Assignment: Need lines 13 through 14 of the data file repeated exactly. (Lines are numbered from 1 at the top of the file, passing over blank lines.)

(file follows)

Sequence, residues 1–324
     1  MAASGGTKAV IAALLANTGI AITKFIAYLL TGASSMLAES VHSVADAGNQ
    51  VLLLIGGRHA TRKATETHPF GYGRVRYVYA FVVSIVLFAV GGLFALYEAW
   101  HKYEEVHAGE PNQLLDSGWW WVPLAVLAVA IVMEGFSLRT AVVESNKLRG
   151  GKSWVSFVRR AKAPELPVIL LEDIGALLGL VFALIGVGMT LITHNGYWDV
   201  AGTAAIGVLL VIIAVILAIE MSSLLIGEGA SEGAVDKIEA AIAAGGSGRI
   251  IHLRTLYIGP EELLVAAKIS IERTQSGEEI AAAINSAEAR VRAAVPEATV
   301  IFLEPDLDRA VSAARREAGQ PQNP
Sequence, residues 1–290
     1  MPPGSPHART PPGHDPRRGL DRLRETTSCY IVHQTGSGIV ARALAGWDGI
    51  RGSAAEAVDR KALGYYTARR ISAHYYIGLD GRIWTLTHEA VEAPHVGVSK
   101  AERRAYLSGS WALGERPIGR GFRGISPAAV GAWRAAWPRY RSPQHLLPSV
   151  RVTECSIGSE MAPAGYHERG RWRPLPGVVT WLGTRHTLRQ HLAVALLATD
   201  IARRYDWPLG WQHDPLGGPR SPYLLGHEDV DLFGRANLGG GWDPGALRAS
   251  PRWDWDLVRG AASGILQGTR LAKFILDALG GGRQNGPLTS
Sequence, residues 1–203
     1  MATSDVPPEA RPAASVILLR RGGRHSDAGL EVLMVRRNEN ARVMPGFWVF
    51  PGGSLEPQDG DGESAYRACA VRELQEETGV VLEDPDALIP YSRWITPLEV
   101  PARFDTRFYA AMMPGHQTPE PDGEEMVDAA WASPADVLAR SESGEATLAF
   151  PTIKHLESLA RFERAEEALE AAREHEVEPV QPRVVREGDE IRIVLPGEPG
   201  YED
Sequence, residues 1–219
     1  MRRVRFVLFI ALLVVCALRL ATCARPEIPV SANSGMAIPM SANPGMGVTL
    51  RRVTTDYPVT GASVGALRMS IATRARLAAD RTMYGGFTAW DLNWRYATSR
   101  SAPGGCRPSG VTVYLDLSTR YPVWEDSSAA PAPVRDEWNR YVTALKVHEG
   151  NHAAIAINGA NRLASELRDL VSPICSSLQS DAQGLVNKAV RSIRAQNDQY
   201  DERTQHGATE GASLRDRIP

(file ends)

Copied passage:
   151  RVTECSIGSE MAPAGYHERG RWRPLPGVVT WLGTRHTLRQ HLAVALLATD
   201  IARRYDWPLG WQHDPLGGPR SPYLLGHEDV DLFGRANLGG GWDPGALRAS